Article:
When you own the console or are responsible for it, you should dive deep into the manual or online tutorial and learn it so you can work efficiently. If you are just walking in and mixing on a console du-jour, there should be an audio tech who is well versed in the software platform, menus, and filing system of that console.
Now, I said ‘should’. For any of you who’ve worked in live sound for more than a year, you all know that what ‘should’ be and what ‘is’ are two very different things. So with that in mind, I...
Input Lists and Stage Plots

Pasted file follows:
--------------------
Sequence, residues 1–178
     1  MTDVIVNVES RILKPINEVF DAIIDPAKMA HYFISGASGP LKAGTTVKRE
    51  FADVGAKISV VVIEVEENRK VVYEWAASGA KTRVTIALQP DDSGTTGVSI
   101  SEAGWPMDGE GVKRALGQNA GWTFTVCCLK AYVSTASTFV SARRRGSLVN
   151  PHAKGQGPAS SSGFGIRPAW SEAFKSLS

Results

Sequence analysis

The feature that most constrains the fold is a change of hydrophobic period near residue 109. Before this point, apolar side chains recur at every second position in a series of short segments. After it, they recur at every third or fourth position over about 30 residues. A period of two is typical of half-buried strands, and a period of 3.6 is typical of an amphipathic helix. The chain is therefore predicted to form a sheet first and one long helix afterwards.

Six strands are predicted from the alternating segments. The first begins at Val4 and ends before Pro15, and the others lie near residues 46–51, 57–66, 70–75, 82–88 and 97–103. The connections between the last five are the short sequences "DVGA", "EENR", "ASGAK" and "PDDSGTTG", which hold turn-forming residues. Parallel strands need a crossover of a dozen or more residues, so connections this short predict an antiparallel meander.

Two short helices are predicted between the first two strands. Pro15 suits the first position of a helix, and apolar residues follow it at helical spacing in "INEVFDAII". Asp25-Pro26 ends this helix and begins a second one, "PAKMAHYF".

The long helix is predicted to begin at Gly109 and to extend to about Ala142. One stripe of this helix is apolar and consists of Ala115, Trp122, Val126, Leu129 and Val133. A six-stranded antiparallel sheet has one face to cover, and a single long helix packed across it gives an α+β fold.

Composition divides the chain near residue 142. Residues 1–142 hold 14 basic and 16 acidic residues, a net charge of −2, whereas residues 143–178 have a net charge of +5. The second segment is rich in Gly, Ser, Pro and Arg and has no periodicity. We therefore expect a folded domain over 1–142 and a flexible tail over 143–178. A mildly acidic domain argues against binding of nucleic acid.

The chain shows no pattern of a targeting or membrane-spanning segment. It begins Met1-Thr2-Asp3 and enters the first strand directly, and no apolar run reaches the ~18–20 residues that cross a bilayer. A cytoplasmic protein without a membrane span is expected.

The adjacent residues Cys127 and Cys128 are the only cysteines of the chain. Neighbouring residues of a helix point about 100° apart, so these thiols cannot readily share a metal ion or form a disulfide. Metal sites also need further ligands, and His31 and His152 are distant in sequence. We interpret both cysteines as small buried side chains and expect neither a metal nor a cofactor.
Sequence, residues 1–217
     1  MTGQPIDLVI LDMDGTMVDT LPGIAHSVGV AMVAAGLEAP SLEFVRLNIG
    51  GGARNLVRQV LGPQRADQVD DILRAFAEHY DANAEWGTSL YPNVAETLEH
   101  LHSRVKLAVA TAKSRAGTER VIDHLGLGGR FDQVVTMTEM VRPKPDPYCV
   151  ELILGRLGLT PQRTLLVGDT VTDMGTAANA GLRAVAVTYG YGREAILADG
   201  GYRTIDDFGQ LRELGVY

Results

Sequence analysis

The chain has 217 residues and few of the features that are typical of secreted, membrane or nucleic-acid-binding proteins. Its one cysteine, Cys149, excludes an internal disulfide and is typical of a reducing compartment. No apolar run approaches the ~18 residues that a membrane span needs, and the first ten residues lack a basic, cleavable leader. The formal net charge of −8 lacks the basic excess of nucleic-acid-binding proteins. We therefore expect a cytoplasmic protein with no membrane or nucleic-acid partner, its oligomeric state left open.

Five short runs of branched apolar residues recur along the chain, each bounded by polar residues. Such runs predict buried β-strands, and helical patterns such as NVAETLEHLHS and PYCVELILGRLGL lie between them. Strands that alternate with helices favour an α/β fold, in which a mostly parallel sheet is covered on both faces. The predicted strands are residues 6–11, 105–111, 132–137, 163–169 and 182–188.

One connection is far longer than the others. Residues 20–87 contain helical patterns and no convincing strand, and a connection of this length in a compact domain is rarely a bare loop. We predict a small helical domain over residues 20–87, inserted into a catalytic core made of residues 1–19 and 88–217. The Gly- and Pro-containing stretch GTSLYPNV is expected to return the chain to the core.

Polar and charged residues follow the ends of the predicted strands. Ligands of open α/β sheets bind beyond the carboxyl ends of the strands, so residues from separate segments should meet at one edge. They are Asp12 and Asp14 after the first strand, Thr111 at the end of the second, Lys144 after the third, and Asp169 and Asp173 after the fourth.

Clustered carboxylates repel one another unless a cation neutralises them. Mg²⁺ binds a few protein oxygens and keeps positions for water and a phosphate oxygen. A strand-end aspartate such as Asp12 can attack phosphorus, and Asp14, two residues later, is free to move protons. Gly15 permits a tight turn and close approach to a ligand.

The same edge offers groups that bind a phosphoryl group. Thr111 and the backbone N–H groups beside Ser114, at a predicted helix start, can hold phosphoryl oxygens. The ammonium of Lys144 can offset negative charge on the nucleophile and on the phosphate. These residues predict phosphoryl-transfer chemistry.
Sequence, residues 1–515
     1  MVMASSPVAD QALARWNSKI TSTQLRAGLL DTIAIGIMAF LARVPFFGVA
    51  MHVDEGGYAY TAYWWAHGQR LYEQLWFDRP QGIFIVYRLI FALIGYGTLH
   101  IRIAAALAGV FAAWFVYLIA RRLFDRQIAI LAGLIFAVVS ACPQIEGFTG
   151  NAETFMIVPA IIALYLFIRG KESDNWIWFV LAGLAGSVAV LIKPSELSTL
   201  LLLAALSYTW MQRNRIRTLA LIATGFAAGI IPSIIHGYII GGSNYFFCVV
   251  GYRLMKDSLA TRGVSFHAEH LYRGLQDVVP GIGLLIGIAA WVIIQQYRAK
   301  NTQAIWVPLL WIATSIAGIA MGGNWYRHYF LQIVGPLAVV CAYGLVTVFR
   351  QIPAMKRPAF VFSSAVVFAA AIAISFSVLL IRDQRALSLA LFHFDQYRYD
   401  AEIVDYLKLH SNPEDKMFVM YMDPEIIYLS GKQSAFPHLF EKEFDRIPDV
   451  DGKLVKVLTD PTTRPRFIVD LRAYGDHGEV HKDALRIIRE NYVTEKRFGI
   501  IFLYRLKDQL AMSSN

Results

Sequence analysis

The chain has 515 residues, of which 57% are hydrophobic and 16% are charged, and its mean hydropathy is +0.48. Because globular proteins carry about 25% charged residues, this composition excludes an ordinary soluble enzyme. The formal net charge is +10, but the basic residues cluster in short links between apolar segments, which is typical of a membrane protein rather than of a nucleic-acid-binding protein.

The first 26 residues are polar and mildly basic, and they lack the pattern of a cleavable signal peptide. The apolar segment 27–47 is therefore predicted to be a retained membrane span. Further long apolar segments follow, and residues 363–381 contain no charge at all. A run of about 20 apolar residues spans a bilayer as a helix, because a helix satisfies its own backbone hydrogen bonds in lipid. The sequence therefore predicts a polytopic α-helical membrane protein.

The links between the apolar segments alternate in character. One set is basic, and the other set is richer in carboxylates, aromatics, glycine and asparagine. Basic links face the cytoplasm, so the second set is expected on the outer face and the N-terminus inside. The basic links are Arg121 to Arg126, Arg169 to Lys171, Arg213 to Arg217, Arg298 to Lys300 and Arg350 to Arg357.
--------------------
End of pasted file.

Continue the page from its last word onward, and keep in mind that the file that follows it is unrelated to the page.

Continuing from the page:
When doing live shows, there are two things that can make setting up and patching the stage go smoothly and efficiently. They are an input list and stage plot.
An input list is essentially a list of inputs and the corresponding channels in the snake or console that they are patched into. The most basic contain the snake channel, input and possibly a microphone or DI preference. More advanced input lists can include sub snake channels, color coding, location of the input on stage, mic stand preference, and any other relevant info.
BASIC INPUT LIST
ADVANCED INPUT LIST
Everything that is patched into the snake and/or console is an input. This includes all microphones, DIs, any devices for playback, as well as other audio source. As the size and the scope of the show increases, so will the information on the input...